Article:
Bjørn Østman alerted me to the list by posting a link to this article: The World's Most Livable Cities All Have One Big Thing in Common. What do the top ten cities all have in common?—none of them are in the USA.

Here's the list ....

1. Melbourne, Australia
2. Vienna, Austria
3. Vancouver, Canada
4. Toronto, Canada
5 (tie). Adelaide, Australia
5 (tie). Calgary, Canada
7. Sydney, Australia
8. Helsinki, Finland
9. Perth, Australia
10. Auckland, New Zealand

There's obviously more to "livability" than meets the eye. Some of these places are a lot less interesting than Paris, London, or New York.

I think the ranking also depends very much on how much money you have. I'd need to be offered a hell of a lot more money if I were to consider a move to Calgary, Helsinki, or Perth.1


1. I've never been to Perth but it doesn't seem like a place I'd like to live.

IDiots exploring evolution

Modern evolutionary theory is far more advanced than the simple version that's attacked by Intelligent Design Creationists. Neutral Theory, population genetics, and the importance of random genetic drift are just a few of the additions that were incorporated in the 1960s. (That's almost 50 years ago.)

Most IDiots are half-a-century behind in their knowledge of science. They think that random mutations and natural selection are the only way that evolution can occur.1 That's why they refer to evolution as "Darwinism."

Many of them have heard vague rumors of change, proving that from time to time they do, indeed, take their fingers out of their ears. They've discovered that modern scientists have moved well beyond natural selection as an explanation for every bit of evolution. This makes the IDiots very happy since, to them, it means that evolution is wrong. And if evolution is wrong then gods must exist.

They've even developed a course to explain why Neutral Theory and random genetic drift support the idea that gods must be making bacterial flagella and protein-protein contacts. It looks like a very interesting course ...




1. A few of them might know differently but they will never admit it in public.

Friday, August 29, 2014

What are students interested in and does it matter?

PZ Myers [Oh, dear] picked up on a tweet from Jeffrey Ros-Ibarra [Tell me botany doesn’t have a recruitment problem]. He posted the result of a survey of 800 first year students.


This shouldn't come as a big surprise to any Sandwalk readers. The question is, what should we do about it?

Most university professors share this bias so they are very comfortable with teaching biochemistry from a strictly animal (mostly human) perspective. When challenged, they point out that students are mostly interested in animals and themselves. They think we should design our courses to accommodate these interests because that's what students want to hear. I call these professors the "caterers."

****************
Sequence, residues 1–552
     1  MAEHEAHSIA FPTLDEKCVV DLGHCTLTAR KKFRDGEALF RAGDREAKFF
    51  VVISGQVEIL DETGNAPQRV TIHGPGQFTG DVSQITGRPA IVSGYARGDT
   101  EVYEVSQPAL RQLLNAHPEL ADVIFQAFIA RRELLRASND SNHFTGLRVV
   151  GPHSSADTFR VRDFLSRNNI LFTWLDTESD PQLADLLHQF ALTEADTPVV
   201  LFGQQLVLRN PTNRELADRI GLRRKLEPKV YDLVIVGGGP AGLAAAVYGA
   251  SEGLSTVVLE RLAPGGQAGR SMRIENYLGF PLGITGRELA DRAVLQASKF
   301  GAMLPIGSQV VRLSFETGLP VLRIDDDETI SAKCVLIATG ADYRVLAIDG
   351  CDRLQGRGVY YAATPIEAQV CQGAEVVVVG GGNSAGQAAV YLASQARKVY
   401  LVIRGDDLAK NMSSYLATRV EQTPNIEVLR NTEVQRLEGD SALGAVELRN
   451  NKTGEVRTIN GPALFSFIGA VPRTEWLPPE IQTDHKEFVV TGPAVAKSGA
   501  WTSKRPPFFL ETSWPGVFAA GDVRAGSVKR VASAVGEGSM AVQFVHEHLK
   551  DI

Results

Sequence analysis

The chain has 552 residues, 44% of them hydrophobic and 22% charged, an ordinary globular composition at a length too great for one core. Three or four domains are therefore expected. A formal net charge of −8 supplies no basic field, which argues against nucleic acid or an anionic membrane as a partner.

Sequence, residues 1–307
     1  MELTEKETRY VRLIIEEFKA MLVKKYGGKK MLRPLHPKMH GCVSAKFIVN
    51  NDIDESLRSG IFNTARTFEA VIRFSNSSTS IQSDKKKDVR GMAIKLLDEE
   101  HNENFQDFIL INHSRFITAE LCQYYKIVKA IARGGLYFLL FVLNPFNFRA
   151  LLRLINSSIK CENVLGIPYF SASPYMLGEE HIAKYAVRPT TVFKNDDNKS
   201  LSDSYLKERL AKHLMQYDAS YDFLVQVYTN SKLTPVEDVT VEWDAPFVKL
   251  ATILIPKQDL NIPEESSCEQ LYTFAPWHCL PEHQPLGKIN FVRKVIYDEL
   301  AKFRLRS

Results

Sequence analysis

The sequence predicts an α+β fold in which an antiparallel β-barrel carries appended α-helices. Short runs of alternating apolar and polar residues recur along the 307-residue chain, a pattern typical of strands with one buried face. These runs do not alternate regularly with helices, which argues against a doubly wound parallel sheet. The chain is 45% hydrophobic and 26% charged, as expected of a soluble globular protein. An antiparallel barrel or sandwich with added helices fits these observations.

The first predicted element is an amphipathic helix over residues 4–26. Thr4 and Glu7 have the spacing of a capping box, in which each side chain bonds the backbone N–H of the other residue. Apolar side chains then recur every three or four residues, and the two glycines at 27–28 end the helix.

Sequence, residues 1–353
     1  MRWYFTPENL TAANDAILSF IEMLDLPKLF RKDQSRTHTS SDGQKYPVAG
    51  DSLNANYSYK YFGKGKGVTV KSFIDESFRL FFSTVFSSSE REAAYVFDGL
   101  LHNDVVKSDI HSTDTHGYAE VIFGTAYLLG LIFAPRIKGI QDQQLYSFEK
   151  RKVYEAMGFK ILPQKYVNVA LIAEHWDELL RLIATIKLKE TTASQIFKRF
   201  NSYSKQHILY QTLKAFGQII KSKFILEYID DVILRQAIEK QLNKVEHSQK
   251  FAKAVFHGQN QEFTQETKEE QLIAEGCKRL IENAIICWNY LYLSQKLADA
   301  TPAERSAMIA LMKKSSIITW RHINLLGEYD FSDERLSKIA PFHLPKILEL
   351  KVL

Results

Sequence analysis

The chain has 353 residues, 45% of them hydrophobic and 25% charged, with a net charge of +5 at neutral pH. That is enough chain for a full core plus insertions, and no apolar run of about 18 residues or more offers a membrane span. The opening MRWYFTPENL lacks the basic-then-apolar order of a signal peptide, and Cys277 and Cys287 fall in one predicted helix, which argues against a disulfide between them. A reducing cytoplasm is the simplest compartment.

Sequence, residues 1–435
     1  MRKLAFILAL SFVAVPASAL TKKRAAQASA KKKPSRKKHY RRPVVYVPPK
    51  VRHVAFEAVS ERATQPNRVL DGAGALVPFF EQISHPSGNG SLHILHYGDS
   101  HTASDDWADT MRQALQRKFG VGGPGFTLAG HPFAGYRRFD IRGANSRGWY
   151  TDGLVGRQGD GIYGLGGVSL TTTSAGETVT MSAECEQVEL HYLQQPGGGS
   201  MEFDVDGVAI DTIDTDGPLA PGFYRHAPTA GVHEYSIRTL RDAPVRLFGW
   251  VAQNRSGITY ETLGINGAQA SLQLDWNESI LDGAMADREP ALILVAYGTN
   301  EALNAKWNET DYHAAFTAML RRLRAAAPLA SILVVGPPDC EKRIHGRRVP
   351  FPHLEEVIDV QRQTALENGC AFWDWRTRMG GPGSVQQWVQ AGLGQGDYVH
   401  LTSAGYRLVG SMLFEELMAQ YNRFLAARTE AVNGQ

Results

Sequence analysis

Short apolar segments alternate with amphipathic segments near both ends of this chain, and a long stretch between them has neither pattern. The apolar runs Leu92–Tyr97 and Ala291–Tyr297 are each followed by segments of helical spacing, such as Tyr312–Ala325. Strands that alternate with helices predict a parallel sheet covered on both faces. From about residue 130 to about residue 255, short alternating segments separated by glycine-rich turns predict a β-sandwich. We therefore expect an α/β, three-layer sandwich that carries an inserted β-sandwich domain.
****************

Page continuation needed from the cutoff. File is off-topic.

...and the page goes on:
A minority (that includes me) look upon this data as a challenge. Our goal is to convince students that they should broaden their interests and learn about other species. People like me will emphasize broad principles and concepts that apply to ALL living organisms. We teach comparative biochemistry and talk a lot about evolution. These guys are the "challengers." (They're also the ones with the low student evaluations.)

The easiest way to tell the difference between the two types of professor in introductory biochemistry courses is to see whether they teach photosynthesis or the glyoxylate shunt, and whether they spend as much time on gluconeogenesis (the most ancient pathway) as they do on glycolysis (the derived pathway). It's also informative to observe whether they cover the biosynthesis of amino acids or whether they treat amino acids as food.

It's a really bad sign if they spend any time at all on the difference between "essential" and "nonessential" amino acids.


Thursday, August 28, 2014

The function of IDiots

There aren't very many big questions left to answer. Most ot the great debates have been settled and we're now in a mopping up situation.

One of the few remaining questions concerns the function of IDiots. The Intelligent Design Creationist Movement has been a spectacular failure. The Wedge Document is a joke. They've failed to get creationism into American schools. People are abandoning Christianity. Their books have all been trashed by critics.

One wonders why they're still around. They must be thinking the same thing because David Klinghoffer has put up a recent post on this very issue [You're Welcome: Darwinists Should Thank Us for Quality Control, Fact-Checking]. It turns out that the function of IDiots is to keep real scientists honest by finding flaws in their reasoning and errors of fact.
Casey [Luskin] points out that in any marketplace—whether vendors are promoting consumer products or ideas about evolution—competition improves the products and the service. The absence of competition almost always results in shoddy products and poor consumer service, as anyone who has visited a socialist country can tell you. Darwin advocates should be thanking us.

Of course the flipside to all this is that for every orthodox evolutionist who is made more judicious and truthful in what he argues, there's probably another who prevaricates about the meaning of scientific data, because "What will the creationists say?"

Still, on the whole, they and everyone else who cares about getting at the truth in science ought to be glad we're here.
Who knew?